Touch Points

Body Sense

So my Body Sense is a bit faulty. What to do? What to do?

If you don’t have access to an Alexander Technique teacher there are ways to constructively work on your own.

One simple strategy to help you is to notice your contact with objects. I call these Touch Points. Paying attention to your Touch Points can give you more accurate information about where you are in space than your feeling of whether or not you are balanced and in alignment.

Realize that you don’t just touch with your hands. We can touch with any part of our body.

If I have my hand on the top of your head you are touching my hand with your head. If you are sitting on a chair you are touching the seat of the chair with your buttocks and your thighs. If you are leaning forward and have your elbows on the table (I was never taught this was bad manners—and I do it all the time!) you are touching the table with your elbows.

If you are standing your Touch Points would be the contact of your feet with the floor. Stand up and try this. It will work better if you take off your shoes and do it in your stocking feet. You will notice more. Without looking in a mirror just stand in the way that feels normal for you, without accessing if it is right or wrong. Now bring your attention to the contact of your feet with the floor. Without looking at your feet you can gather a lot of information just by placing your attention there.

Do you have more weight on the right foot or the left foot?

Is your weight predominately on the heels (back) or on the balls (forward)?

Bringing attention to the contact of your feet against the floor periodically over the next couple of weeks, checking in at random times during activity, will help you gather some important and useful information about how you habitually throw your weight around. And whether or not you are well-balanced.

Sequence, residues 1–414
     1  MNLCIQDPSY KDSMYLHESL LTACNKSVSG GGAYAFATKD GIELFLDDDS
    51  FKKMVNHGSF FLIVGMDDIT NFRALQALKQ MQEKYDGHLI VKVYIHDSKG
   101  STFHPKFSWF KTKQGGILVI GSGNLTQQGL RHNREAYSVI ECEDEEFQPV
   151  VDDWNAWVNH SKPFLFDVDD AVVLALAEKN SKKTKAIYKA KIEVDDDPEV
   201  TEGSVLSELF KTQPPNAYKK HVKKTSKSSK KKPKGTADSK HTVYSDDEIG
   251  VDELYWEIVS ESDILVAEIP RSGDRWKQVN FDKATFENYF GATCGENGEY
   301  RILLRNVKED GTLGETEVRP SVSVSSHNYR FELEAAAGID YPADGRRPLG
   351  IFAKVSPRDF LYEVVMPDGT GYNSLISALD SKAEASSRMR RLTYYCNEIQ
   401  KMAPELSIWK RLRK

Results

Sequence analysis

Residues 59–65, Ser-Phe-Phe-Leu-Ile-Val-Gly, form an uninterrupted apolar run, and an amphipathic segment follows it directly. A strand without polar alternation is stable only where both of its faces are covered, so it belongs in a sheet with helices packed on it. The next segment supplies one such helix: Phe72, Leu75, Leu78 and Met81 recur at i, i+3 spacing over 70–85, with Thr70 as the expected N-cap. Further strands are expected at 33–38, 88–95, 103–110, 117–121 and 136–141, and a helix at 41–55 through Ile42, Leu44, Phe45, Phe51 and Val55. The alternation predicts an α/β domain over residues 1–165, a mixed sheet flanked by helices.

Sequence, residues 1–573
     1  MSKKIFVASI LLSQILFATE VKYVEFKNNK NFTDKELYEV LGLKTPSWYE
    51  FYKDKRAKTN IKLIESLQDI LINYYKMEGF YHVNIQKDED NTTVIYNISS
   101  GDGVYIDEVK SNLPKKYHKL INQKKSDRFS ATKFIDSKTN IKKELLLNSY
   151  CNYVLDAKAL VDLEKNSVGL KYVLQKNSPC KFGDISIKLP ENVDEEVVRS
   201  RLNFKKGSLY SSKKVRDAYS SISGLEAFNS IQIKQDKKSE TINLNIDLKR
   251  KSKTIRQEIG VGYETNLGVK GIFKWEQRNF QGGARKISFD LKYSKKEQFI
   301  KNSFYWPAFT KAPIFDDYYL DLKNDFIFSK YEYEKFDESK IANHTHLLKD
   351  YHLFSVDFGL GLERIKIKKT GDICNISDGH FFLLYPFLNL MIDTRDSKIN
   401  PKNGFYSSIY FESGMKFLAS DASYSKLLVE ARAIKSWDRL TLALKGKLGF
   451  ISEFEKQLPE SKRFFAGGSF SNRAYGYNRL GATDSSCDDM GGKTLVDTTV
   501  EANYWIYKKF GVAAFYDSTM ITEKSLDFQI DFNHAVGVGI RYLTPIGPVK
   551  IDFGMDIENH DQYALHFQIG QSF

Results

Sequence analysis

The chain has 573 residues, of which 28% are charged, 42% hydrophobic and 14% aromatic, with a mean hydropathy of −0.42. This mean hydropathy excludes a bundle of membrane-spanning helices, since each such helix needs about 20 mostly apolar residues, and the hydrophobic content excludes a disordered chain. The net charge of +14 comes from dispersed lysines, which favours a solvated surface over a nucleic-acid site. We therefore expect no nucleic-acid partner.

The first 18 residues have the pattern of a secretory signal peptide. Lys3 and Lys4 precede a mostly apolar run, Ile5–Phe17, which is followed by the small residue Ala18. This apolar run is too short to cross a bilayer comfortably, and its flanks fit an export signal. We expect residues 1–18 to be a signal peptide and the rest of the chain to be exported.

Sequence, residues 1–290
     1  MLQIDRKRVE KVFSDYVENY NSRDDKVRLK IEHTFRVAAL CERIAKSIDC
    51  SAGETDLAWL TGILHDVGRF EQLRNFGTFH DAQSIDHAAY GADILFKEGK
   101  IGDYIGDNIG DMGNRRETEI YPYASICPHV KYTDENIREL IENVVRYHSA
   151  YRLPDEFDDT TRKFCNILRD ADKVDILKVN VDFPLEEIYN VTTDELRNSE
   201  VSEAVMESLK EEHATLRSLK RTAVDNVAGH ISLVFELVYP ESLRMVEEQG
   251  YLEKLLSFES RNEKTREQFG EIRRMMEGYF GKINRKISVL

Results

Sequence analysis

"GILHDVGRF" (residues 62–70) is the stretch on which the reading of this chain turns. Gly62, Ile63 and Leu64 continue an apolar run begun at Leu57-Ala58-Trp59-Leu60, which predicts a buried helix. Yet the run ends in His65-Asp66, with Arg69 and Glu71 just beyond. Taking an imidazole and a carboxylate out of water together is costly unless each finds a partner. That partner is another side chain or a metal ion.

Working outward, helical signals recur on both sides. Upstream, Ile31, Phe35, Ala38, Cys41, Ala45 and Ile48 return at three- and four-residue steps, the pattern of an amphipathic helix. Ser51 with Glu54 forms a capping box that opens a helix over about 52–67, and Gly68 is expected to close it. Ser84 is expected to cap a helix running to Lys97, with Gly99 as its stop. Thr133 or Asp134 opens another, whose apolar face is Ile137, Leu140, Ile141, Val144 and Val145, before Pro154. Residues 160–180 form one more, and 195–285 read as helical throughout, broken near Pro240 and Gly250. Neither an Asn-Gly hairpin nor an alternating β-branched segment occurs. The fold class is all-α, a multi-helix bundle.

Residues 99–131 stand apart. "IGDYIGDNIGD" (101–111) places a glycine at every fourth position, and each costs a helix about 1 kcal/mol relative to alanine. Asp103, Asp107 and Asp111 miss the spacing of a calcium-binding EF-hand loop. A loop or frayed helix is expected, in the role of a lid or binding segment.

Try this—Make sure your weight is distributed equally on both feet. Now take your weight on purpose way back so you are standing on your heels, but not so far back that you fall over! Notice what you do to keep from falling over. Bring particular attention to your knees and thighs, your shoulders, and your neck. Does your breathing change? Now let your weight shift forward at your ankles so you still have contact with your heels but you have some weight as well toward the front of your feet.

Many of us stand with our weight thrown too far back. If you do this, you are literally falling over. And your muscles will tighten to keep you from falling over. If this is your habitual place to stand it will feel normal and you will not notice the extra tension you are carrying around.

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  • Barbara Thompson June 24, 2014, 10:11 am

    Lauren, this is so right on! I look forward to your blogs to help me maintain my practice. Hope to see you in August. Barbara

    • laurenhill69 June 25, 2014, 1:23 pm

      Hi Barbara, I am so glad that the posts are helpful. That’s my goal. I will look forward to seeing you, too.

  • Barbara D. June 25, 2014, 6:18 pm

    Thank you, again, Lauren! These posts are very helpful.

    • laurenhill69 June 27, 2014, 8:51 am

      Hi Barbara,

      I am glad that you continue to find the posts helpful.


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